Both economists and the Reserve Bank of Australia (RBA) are maintaining their positions on their respective forecasts for the economy after a strong recovery post-Delta.
In its quarterly Statement on Monetary Policy (SOMP), the RBA said the economy bounced back strongly after Delta lockdowns and the effect of Omicron on spending has been “relatively small.”
The central bank also upgraded its economic and inflation forecast, and downwardly revised its forecast for unemployment to eventually fall under four percent.
“Backed by the Morrison government economic plan, which kept businesses in business and Australians in jobs during the greatest economic shock since the Great Depression, Australia has outperformed every major advanced economy and is well on the road to recovery,” Treasurer Josh Frydenberg told AAP.
The statement reiterated that the board was “prepared to be patient” and monitor how the various factors affecting inflation in Australia will evolve before raising interest rates.
This includes keeping an eye on wages growth, which according to its liaisons, is not expected to move beyond the two to three percent range this year. The December quarter wage price index (WPI) will be published on Feb. 23.
Westpac Chief Economist Bill Evans said it was surprising that business liaisons did not anticipate for wages growth to move beyond the two to three percent range, while there were “acute labour shortages” in pockets of the economy.
“Westpac expects that growth in the WPI will reach 3.3 percent in 2022 and 3.5 percent in 2023—well above the [Reserve] Bank’s forecasts in the SOMP,” he said.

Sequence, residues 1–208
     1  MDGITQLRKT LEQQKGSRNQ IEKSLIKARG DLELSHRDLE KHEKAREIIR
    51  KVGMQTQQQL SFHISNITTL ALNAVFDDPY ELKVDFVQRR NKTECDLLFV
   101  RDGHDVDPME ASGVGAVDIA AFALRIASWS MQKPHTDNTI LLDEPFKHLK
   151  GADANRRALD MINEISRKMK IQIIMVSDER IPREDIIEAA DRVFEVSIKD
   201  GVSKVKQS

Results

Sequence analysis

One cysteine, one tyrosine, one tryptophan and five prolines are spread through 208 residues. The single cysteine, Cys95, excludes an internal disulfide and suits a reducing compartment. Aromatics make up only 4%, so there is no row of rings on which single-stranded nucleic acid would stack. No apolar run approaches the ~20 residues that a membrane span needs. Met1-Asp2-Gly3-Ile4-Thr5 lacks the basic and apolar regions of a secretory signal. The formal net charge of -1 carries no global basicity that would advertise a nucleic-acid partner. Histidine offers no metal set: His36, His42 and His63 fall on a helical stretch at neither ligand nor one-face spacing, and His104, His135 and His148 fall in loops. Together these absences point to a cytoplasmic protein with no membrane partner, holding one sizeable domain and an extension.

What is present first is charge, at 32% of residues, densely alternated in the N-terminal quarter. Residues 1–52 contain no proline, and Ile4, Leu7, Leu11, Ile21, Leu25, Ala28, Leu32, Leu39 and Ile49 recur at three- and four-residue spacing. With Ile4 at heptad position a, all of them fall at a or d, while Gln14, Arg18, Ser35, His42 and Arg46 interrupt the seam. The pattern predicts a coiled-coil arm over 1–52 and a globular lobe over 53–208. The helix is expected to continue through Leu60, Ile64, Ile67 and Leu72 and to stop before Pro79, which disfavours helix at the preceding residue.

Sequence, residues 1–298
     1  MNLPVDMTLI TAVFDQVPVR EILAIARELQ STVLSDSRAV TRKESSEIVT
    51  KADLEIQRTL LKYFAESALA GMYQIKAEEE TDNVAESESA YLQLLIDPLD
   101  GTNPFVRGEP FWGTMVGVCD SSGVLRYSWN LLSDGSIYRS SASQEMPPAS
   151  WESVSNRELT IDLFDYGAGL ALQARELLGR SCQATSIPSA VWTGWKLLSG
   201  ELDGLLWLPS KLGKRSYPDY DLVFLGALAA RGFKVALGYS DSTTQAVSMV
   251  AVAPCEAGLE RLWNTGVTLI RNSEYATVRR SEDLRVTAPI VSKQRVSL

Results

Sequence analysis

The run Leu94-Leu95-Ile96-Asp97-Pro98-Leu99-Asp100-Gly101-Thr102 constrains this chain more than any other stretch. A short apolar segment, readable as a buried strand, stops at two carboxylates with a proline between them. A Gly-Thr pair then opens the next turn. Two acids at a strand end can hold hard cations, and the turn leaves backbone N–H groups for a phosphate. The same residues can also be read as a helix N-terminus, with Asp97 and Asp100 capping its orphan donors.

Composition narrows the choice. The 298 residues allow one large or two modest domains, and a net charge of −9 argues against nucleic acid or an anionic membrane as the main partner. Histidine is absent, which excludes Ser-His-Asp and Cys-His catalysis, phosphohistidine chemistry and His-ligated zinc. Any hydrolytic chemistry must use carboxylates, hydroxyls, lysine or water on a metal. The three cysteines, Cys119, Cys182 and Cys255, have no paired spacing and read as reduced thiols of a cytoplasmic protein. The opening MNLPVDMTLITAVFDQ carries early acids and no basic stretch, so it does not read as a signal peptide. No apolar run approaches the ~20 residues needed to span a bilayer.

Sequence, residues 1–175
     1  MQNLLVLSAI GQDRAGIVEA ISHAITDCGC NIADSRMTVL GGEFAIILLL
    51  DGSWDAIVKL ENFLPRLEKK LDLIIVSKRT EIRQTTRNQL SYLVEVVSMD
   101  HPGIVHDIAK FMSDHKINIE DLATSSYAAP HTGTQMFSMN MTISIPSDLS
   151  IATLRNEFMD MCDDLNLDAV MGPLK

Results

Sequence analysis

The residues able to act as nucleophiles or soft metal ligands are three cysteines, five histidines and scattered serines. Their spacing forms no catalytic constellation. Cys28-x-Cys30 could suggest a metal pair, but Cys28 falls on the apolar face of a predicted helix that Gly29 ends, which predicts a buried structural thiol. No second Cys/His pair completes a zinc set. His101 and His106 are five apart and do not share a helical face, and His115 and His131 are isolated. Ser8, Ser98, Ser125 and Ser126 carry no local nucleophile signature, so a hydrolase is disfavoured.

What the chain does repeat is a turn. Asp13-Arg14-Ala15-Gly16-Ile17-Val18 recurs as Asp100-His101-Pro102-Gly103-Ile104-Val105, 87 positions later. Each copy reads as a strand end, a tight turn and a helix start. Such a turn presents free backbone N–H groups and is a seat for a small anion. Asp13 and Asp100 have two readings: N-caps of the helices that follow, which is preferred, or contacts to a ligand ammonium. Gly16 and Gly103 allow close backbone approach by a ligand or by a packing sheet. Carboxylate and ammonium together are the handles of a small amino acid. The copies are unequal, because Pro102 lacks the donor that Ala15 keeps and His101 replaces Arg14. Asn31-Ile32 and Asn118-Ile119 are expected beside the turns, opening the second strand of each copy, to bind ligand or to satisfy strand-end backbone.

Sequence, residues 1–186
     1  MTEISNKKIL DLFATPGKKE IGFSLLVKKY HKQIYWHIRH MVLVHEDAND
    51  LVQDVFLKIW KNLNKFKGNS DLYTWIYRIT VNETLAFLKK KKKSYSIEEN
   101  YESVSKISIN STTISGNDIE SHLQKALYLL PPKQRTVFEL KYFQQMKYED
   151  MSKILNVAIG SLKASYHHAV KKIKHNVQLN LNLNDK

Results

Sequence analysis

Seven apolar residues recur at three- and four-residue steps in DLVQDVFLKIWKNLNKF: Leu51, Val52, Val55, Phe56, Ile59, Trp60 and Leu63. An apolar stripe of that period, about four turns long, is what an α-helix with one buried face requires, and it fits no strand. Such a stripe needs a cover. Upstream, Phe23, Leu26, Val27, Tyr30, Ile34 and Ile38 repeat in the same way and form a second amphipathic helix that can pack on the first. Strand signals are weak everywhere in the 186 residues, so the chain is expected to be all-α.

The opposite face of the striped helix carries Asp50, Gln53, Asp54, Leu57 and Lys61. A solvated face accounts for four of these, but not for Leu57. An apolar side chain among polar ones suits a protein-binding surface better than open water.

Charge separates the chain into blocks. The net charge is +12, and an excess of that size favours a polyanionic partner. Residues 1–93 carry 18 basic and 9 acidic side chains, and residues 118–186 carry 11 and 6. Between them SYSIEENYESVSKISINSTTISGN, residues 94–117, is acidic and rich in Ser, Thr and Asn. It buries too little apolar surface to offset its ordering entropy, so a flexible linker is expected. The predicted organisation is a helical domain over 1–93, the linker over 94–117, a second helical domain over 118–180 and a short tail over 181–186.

But economists have not changed their previous expectations that the first cash rate hike will occur during the second half of this year.
Commonwealth Bank economists believe there is “considerable scope” for inflation and wages data over the first half of 2022 to be stronger than the RBA has forecast.
“This leaves us comfortable with our call that the RBA commences raising the cash rate in August 2022,” Commonwealth Bank Head of Australian Economics Gareth Aird said. “We expect it to be a shallow and gradual tightening cycle given the elevated level of household indebtedness.”
ANZ Bank economists believe the RBA is “too pessimistic” on wages, as underutilisation of labour has fallen and is expected to fall further according to labour market indicators. These factors point to further wages growth gains.
“This lies behind our expectation that the RBA will begin tightening in the second half of 2022,” ANZ Head of Australian Economics David Plank said. “We have the cash rate target at 0.75 percent by the end of 2022, lifting to two percent by the end of 2023.”